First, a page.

GUTHRIE: Governor Hickenlooper, let me get you in on this. You’ve warned that Democrats will lose in 2020 if they embrace socialism, as you put it. You were booed at the California Democratic convention when you said that. Only one candidate on this stage, Senator Sanders identifies as a democratic socialist. What are the policies or positions you think that are veering towards socialism?
GUTHRIE: Senator Sanders, I’ll give you a chance to weigh in on this. What is your response to those who say nominating a socialist would reelect Donald Trump?
9:10 p.m. Eastern
GUTHRIE: Senator Gillibrand, 30 seconds.
9:10 p.m. Eastern
GUTHRIE: Senator Bennet, you have said, quote, “It’s possible to write proposals that have no basis in reality. You might as well call them candy.” Were you referring to a candidate or proposal in particular?
9:12 p.m. Eastern
JOSE DIAZ-BALART: Many of your colleagues on stage support free college. You do not. Why not?
9:14 p.m. Eastern
DIAZ-BALART: Mr. Yang, your signature policy is to give every adult in the United States $1,000 a month. No questions asked.
ANDREW YANG: That’s right.
DIAZ-BALART: I think that's like $3.2 trillion a year. How would do you that?
ANDREW YANG: Sorry?
DIAZ-BALART: How would you do that?
9:15 p.m. Eastern
DIAZ-BALART: If I get to understand a little bit better, you are saying $1,000 a month for everyone over 18, but a value add ed so you can spend that $1,000 on value added tax?
9:16 p.m. Eastern
DIAZ-BALART: Congressman Swallwell, I talked a little bit about what Mr. Yang is talking about, And you just mentioned. Americans are worried about self driving cars, robots, drones, artificial intelligence will cost them their jobs. What would you do to help people get their skills to adapt to the new world?
9:17 p.m. Eastern
DIAZ-BALART: Vice President, would you like to sing a torch song? [Response to Swalwell repeatedly saying that we need to pass the torch.]
9:20 p.m. Eastern
LESTER HOLT: You all expressed an interest in talking about health care. This is going to be a show of hands question. We asked about health care last night that spurred a lot of discussion, as you know. We are going to do it again now. Many people watching at home have health insurance through their employer. Who here would abolish their private health insurance in favor of a government-run plan? [Gillibrand, Williamson and Sanders raise hands.]
9:23 p.m. Eastern
HOLT: Vice President Biden, you were one of the architects of ObamaCare. So, where do we go from here?
HOLT: Let me return to Senator Sanders. You basically want to scrap the private health insurance system as we know it and replace it with a government-run plan. None of the states that tried something like that — California, Vermont, New York has struggled with it — has been successful. If politicians can’t make it work in those states, how would you implement it on a national level. How does this work?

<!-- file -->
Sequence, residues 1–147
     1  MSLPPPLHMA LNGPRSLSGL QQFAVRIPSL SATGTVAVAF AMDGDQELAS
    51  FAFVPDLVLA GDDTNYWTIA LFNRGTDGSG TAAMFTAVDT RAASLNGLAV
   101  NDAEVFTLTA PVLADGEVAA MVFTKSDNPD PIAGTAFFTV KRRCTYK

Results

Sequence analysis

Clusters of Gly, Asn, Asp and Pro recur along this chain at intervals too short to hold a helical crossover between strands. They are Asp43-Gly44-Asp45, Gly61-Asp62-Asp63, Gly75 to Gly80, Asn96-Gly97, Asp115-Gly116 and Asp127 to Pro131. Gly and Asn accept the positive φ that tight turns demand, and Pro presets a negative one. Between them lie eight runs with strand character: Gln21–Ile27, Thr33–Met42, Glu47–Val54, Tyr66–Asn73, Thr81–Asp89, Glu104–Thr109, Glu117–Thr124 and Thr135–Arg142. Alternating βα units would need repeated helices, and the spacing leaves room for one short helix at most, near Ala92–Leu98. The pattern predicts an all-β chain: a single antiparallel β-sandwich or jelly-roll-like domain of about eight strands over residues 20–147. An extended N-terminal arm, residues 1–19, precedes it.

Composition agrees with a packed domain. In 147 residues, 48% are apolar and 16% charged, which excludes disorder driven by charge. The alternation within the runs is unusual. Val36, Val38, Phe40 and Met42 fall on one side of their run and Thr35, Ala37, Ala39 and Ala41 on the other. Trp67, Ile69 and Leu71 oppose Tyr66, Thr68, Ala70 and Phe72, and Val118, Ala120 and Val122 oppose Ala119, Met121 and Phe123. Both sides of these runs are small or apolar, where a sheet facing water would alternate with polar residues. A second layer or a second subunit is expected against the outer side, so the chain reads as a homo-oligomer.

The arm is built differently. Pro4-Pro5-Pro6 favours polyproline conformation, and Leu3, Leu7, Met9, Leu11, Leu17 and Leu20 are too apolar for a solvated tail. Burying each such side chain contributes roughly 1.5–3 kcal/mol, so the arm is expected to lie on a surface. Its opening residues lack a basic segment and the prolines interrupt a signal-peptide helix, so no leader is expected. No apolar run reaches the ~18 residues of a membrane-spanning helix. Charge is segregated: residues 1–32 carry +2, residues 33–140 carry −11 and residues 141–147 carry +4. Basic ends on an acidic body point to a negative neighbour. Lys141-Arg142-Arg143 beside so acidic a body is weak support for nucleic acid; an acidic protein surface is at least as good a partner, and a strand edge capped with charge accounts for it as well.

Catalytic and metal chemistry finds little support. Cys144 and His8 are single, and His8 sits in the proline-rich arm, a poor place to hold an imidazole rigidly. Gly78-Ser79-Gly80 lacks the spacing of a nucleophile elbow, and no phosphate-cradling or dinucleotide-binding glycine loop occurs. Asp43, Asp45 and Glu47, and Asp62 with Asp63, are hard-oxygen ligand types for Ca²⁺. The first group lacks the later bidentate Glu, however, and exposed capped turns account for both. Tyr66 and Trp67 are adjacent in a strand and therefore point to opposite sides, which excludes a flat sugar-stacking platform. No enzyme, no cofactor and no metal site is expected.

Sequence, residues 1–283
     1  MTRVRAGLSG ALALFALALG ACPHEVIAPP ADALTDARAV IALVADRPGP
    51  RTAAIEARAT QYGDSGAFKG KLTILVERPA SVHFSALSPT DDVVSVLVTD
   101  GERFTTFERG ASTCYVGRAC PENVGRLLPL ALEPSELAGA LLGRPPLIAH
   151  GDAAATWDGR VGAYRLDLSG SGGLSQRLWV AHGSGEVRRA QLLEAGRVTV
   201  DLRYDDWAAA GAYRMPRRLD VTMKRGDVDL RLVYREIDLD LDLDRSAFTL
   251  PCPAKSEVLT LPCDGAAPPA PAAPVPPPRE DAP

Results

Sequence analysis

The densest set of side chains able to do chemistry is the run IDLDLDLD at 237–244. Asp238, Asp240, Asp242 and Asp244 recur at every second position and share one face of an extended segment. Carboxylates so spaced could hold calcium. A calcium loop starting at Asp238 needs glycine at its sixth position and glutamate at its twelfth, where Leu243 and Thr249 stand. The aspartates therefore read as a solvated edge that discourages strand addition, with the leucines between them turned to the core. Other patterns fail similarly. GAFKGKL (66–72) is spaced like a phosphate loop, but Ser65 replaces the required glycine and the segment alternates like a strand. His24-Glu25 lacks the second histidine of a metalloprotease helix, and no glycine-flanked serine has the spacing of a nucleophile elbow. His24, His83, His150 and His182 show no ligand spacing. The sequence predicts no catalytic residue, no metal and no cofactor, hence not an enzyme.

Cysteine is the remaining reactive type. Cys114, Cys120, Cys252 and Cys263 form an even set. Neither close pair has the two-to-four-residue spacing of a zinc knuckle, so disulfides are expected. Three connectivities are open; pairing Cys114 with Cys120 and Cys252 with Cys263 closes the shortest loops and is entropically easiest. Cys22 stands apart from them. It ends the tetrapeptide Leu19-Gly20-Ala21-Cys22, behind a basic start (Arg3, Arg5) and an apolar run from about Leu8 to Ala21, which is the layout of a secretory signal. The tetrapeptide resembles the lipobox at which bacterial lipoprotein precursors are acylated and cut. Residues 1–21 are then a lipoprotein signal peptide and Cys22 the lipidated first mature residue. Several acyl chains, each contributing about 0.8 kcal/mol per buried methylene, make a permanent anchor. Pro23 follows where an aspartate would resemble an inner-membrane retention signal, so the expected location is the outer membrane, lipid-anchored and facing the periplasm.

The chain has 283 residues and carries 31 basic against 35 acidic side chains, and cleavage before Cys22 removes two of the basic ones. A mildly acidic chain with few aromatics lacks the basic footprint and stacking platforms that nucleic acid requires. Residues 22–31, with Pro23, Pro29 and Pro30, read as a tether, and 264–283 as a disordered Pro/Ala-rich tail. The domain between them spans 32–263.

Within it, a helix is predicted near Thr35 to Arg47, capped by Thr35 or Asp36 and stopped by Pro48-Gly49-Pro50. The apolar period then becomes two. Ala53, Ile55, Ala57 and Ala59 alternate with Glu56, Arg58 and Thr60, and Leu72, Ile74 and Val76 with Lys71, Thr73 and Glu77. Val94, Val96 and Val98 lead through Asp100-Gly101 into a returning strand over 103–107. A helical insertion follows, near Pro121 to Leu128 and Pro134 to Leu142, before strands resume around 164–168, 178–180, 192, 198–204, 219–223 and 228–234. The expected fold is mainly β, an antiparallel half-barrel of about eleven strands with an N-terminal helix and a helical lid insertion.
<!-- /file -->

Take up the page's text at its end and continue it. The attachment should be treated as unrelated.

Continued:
9:25 p.m. Eastern
HOLT: I just have to follow up. How do you implement it on a national basis, given the fact that it has not succeeded in other states that have tried it?
9:27 p.m. Eastern
HOLT: Ms. Williamson, this is a question for you. We have been talking about the access to health insurance. But for many Americans, he most pressing concern is the high cost of health care. How would you lower the cost of prescription drugs?
9:28 p.m. Eastern
HOLT: Senator Bennet, a question for you. You want to keep the system we have with ObamaCare and build on it. Is that enough to get us to universal coverage?
HOLT: Senator Sanders, you get a response.
9:31 p.m. Eastern
GUTHRIE: A lot of you have been talking about these government health care plans you proposed in one form or another. This is a show of hands question and hold them up so people can see. Raise your hand if your government plan would provide coverage for undocumented immigrants. Let me start with you, Mayor Buttigieg, why?
9:33 p.m. Eastern
GUTHRIE: Vice President Biden, I believe you said that your plan would not cover undocumented immigrants. Could you explain your position?
JOE BIDEN; I’m sorry. I beg your pardon.
GUTHRIE: I believe at the show of hands you did not raise your hand. Did you raise your hand?
BIDEN: No, I did.
GUTHRIE: Okay. Sorry. So, you said it would be covered under your plan that is different than ObamaCare. Can you explain that change?
DIAZ-BALART: Senator Harris, Senator Harris, last month more than 130,000 migrants were apprehended at the southern border. Many of them are being detained, including small children in private detention centers in Florida and throughout our country. Most of the candidates on this stage say the conditions of these facilities are abhorrent. On January 20th, 2021, if you are president, what specifically would you do with the thousands of people who try to reach the United States every day and want a better life through asylum?
9:39 p.m. Eastern